Compact – Non-Slam – Tight Check Valves

rib profile retainerless check valve Sure Flow

If the rib profile and size are reduced or the pins are slimmed down, the valve might not provide the safety margin in operation which is one of the main reasons for having a wafer check valve in the first place.


Sure Flow Check meets the internationally accepted API 594 standard for steel valves. A 6” Class 150 valve has a face to face measurement of just 3” compared with a swing check valve’s 14” face to face dimension.

A Sure Flow Check fits completely inside the flange bolt PCD and therefore external installation is straightforward.

seat options non-slam retainerless check valves Sure Flow


Sure Flow Check is a non-slam check valve because it operates on flow cessation, not flow reversal. The normal position of the plates is closed, held against the seat by the unique spring design. As flow begins, the heels of the two plates are lifted off the seat face on the central rib.

This cracking pressure is less than 2 psi across most of the range. As flow increases, the plates then pivot against the spring pressure. Since the heels have already lifted off the rib seat there is no scrub or wear, either on the rib, body or plate seating surfaces. A pressure of only 4 psi is required to keep the plates fully open.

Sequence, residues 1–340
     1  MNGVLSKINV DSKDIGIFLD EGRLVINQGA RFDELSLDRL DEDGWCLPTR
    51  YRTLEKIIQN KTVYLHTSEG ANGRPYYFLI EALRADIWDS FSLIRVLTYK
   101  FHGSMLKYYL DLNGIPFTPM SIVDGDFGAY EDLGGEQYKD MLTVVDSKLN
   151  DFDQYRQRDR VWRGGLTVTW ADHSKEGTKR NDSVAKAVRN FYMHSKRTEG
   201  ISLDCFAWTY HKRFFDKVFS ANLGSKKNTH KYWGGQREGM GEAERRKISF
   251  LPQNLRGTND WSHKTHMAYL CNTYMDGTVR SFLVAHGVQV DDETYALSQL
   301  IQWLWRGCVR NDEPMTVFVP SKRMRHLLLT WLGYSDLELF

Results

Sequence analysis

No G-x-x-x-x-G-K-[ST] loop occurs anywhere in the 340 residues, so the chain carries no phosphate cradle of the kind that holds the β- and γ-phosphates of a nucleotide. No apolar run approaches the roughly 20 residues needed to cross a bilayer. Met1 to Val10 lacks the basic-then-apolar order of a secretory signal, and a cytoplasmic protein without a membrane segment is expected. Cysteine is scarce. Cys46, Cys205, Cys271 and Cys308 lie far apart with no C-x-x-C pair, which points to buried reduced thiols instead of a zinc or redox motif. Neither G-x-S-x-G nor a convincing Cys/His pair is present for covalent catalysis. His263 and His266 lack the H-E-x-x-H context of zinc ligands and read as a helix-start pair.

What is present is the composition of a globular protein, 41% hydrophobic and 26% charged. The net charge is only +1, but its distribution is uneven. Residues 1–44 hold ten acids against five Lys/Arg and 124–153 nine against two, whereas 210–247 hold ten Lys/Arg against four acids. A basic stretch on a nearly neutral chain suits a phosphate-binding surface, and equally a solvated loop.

When flow stops and that pressure is removed the spring closes the plates. Flow reversal is then stopped by the closed Sure Flow Check valve and in fact any back pressure only serves to make the valve seal more tightly.


The long leg spring design – with a single anchor point – is a unique feature of the Sure Flow Check design. Coupled with floating plates for minimum seat wear and the right choice of seat to suit the service requirements, this gives the best combination to meet API 598 requirements.

The long spring leg ensures closing tension is applied to the right part of the plate while allowing the plate heels to float on opening. For valves 14” and larger, the spring is anchored to the stop pin to ensure that both plates open and close independently. If the spring is not anchored, then the opening of one plate transfers pressure through the spring to make it more difficult for the other plate to open.


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